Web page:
Parenthood and Artificial Human Reproduction: The Dangers of Inappropriate Medicalisation

Chapter 3
Parenthood and Artificial Human Reproduction: The Dangers of Inappropriate Medicalisation

Kenneth McK. Norrie


In 1992 Professor Sheila McLean edited a volume of essays entitled Law Reform and Human Reproduction.1 Reflecting her consistent internationalist approach to legal study, the volume contained contributions from Australia, Canada, New Zealand, Czechoslovakia (as it then was), France, the United States and – my own contribution – the United Kingdom. That chapter focused on the Human Fertilisation and Embryology Act 1990, which the UK Parliament had recently enacted as a response to the legal and ethical issues arising from the developing medical technologies that had been explored in the Warnock Committee Report.2 The major purpose of the 1990 Act was the regulation of medically assisted reproduction, and the licensing of its providers, and many of the issues covered in my contribution to that earlier book are examined in the present volume by Rebecca Cook and Bernard Dickens.3 As well as dealing with regulatory issues, the 1990 Act, under the headnote ‘Status’, also set out the legal rules for identifying who were the parents of a child whose existence had been brought about by the processes regulated under the Act.4 The issue of parenthood certainly does not lie outwith Sheila McLean’s broad field of interest, and she has had a direct impact on at least one aspect of the parenthood provisions in the 1990 Act, by chairing a review set up by the UK Department of Health into parenthood after the posthumous removal of gametes: some of the recommendations in her report, published in 1998,5 were enacted as the Human Fertilisation and Embryology (Deceased Fathers) Act 2003 and then re-enacted as s. 39 of the Human Fertilisation and Embryology Act 2008.6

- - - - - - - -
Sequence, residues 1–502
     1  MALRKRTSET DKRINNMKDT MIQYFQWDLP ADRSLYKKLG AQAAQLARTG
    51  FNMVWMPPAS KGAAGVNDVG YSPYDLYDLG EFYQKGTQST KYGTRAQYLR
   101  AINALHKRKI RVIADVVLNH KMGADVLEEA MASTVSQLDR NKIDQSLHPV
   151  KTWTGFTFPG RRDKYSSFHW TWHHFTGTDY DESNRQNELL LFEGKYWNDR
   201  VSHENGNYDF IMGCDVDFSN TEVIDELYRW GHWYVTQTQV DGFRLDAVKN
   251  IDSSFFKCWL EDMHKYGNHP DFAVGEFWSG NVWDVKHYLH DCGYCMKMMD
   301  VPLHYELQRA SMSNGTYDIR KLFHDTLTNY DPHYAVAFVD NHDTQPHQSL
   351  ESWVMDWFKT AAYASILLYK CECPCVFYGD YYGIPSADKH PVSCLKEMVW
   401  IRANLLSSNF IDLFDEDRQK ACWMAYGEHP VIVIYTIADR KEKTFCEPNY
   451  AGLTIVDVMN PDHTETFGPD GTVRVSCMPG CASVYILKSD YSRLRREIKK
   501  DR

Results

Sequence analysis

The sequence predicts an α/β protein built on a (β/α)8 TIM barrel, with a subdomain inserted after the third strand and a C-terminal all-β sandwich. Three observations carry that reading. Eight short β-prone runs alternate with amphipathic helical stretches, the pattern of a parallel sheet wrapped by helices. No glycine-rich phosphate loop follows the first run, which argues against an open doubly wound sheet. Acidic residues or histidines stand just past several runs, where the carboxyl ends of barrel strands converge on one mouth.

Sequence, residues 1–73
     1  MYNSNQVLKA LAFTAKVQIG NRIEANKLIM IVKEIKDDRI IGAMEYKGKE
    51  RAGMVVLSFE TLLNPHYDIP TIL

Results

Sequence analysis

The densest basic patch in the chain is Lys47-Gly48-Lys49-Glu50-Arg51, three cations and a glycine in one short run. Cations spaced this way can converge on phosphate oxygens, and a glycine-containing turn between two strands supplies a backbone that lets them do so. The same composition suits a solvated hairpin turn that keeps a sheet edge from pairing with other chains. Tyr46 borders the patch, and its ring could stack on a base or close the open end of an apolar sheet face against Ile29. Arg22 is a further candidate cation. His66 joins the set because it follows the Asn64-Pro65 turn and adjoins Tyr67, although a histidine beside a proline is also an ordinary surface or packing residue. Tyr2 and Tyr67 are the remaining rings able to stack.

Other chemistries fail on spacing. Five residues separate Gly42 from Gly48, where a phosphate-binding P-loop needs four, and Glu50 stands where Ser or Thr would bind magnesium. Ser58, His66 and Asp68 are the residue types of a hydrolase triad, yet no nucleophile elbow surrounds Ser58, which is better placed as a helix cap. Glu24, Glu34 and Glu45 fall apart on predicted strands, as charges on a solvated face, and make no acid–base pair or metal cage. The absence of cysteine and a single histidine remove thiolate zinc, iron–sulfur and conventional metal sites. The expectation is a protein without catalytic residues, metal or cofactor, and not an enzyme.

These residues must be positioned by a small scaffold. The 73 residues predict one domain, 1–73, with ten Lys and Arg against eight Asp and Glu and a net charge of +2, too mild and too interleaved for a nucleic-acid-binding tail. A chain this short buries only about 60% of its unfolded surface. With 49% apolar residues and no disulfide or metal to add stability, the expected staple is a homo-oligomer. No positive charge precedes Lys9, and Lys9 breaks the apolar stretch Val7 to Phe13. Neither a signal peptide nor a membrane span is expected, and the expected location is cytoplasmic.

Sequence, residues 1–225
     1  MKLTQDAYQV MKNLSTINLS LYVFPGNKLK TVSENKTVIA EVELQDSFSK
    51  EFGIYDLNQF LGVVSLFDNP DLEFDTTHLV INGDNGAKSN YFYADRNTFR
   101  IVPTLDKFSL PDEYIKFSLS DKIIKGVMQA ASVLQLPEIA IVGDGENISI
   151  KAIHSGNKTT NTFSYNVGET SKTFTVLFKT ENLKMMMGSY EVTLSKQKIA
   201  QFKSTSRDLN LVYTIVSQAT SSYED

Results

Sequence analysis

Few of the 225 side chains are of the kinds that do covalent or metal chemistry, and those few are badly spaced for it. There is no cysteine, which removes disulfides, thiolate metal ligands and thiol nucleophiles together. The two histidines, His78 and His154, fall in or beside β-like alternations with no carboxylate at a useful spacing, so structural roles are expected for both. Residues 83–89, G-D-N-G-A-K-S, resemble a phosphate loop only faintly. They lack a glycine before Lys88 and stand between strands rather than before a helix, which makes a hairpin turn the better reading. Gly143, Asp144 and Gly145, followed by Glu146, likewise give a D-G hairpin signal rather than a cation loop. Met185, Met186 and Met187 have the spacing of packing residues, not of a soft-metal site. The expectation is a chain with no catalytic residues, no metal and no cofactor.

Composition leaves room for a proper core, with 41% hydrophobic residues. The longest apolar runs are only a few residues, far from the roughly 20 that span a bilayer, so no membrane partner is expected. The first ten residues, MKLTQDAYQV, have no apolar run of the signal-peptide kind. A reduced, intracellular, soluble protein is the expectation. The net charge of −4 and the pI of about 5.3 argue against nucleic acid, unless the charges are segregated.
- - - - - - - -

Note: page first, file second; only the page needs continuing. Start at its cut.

The 2008 Act itself was a response to the substantially increased scientific understandings and capabilities in relation to medically assisted reproduction since 1990, but the opportunity was also taken to update the ‘status’ provisions in the earlier Act, in light both of the experiences in operating these provisions, which had proved to be much more technically troublesome than had been anticipated, and of the changing social realities of family life that had been experienced since the 1990 Act. The very word ‘status’, used in the 1990 Act to describe the issue, illustrates perfectly how dated the underlying assumptions of that Act were. A new set of rules, under the less recondite heading ‘Parenthood in Cases Involving Assisted Reproduction’, was enacted in Pt 2 of the 2008 Act.7